When I was nice and numb, Kate broke my water and did end up needing to move the cord around baby’s head to prevent a prolapse. Baby dropped to a -2 station after the membrane rupture, which was not as much of a drop as we were hoping for. There was also meconium in my waters. Again, Kate discussed my options with me and I decided to continue laboring. Both baby and I were doing just fine, so I wanted to give my body more time. 

For the next several hours, I alternated laying on my left side, to my right side, to sitting up every 20 minutes. Kate continued to monitor baby and I but baby still was not dropping. I was getting more and more emotional as it seemed a cesarean was in my future but I wasn’t ready to give up yet. My nurse and Amber helped me sit up again but this time it was getting uncomfortable. I asked Amber to grab the birth ball and put it in front of me so I could lean over it. I remember hearing baby’s heart rate drop a little on the monitor. I asked the nurse about it and she said that it can happen during a contraction but as long as the heart rate goes back up after the contraction, it’s fine. We were having trouble-keeping baby on the monitor and I thought it was just due to how I was sitting. This happened a couple more times and then Kate came in. This is when things got a little crazy.

Kate had me lay back down and checked me. Baby was now at a +3! Things get a little fuzzy for me here because it all happened so fast. It seemed like I blinked and my whole room was filled with people. The one thing I distinctly remember is Kate looking up after checking me, and telling me that I was going to have to find my strength and get my baby out. That I was going to have to push with everything I had because my baby needed to get out now. Baby had dropped so fast that her head was transverse in my pelvis. With the very next contraction I was pushing. I continued pushing with every contraction and Kate was able to turn baby’s head into the correct position. I could hear everyone in the room cheering me on. That was one of the most meaningful parts of my whole experience. At 2:22pm after only 22 minutes of pushing, Kate successfully maneuvered her shoulder dystocia and I delivered my beautiful baby girl. She was placed on my belly briefly but was not responding as quickly as the doctors and nurses like to see. Daddy cut the cord and the NICU nurses whisked her away. I’m told she was only gone for about 15 minutes but it felt like hours to me. 

I did it! I am so thankful for Kate, Amber, Steve, and all the nurses and doctors who helped me achieve my VBAC. I am thankful that I had the courage to stay patient and thankful that I was given space and time to make my own decisions. This birth story is so different from my first, and I am so grateful to have been able to have such an incredible experience.

Birth experience and photograph submitted by Samantha Wall. 

That’s Why It’s Called a Birth “Preference” Instead of a “Plan”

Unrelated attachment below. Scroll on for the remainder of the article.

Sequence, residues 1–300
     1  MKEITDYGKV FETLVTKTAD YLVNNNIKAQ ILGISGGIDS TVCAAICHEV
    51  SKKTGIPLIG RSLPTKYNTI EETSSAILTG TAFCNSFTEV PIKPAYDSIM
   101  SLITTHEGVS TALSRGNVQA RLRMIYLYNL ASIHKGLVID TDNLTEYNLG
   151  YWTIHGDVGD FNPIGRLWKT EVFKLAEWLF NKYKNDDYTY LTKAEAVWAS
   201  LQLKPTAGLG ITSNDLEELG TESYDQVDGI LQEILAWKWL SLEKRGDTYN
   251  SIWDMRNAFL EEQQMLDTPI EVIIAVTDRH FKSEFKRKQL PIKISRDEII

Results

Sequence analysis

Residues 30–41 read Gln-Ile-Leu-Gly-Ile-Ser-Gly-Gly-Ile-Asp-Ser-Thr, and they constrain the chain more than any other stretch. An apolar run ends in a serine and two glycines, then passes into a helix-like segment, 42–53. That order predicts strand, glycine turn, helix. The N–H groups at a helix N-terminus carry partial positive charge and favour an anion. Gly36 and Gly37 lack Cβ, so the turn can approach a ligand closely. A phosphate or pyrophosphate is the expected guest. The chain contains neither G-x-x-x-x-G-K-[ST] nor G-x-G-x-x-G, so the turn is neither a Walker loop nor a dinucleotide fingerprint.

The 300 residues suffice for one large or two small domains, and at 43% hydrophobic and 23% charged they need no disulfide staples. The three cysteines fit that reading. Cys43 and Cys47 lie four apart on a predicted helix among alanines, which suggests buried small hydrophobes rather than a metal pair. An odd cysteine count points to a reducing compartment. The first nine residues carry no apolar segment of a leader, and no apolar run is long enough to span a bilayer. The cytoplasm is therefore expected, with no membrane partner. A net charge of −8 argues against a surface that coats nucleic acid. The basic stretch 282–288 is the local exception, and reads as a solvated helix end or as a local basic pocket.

That’s Why It’s Called a Birth “Preference” Instead of a “Plan”

I have long-struggled to like myself. I hated my body and lacked self confidence in many areas, so finding out I was pregnant just triggered a heightened sense of anxiety for me. Finding out I was diabetic at my first OB appointment made things even worse. As the doctor rattled off the list of awful things that could result, I sat there expecting each to all happen to my baby, and they would all be my fault. I wondered if I could live with myself if I caused such pain for my beautiful growing baby – macrosomia, dislocated limbs during birth, heart and spine defects, respiratory problems… One thing I had been told from the beginning – I would be induced at 38 or 39 weeks due to an increased risk of stillbirth for infants of diabetic mothers. I strongly opposed an induction but wanted to do what was best for our baby.

As the pregnancy progressed and my education on the issues increased, I became “a model patient” (the doctors’ words). My confidence grew as quickly as my sugars and A1C decreased, and for the first time in my adult life, I was actually feeling good about myself and my body. This new-found confidence gave me the ability to try new things (like yoga, which has been life-changing!) And maybe it was my “mama bear” instincts forming, but I was blessed with a feisty courage that I had not previously known to speak up for myself. Did that cause some tension between my doctors and me? Yes. Was it worth it? YES.

At that point, if I pictured our baby’s ideal birth, it would be in a peaceful environment outside of a hospital, calm, quiet, in water, with no interventions. My husband and I took a hypnoyoga birth class and hired a doula. I talked to several midwives; however, they couldn’t deliver my baby, due to the fact that I was taking insulin. I started researching natural induction methods to encourage baby out on her own. I drank red raspberry leaf tea, walked every day, faithfully attended yoga, saw my chiropractor once a week, got acupuncture, used essential oils on acupressure points, and visualized her calm, peaceful birth every chance I had. And still, the induction date (Sunday) arrived with no sign that baby Samantha was going to come out on her own.

As we walked the short hallway to the antepartum wing, I debated escaping. But I was with my husband and his mom, and really, pregnant ladies can’t run that fast. So we checked in, got settled in our room, and I was soon disappointed to learn that I wasn’t even ripe! After three doses of Misoprostol throughout the night, Resident S (that I ended up liking the most) tried and failed to insert a Foley bulb. Also throughout the night, our amazing nurse kept coming in and apologetically asking me to shift positions. He was noticing small drops in Samantha’s heart rate during the tiniest of contractions. (I wasn’t so worried, as that was a normal occurrence from the time I started attending my NSTs twice a week for the previous 2 months.) Finally, after one more dose of Misoprostol and lots of waiting, Resident K was able to get the Foley bulb in. I was hopeful that things would start happening that day (Monday), especially since they moved us to labor & delivery.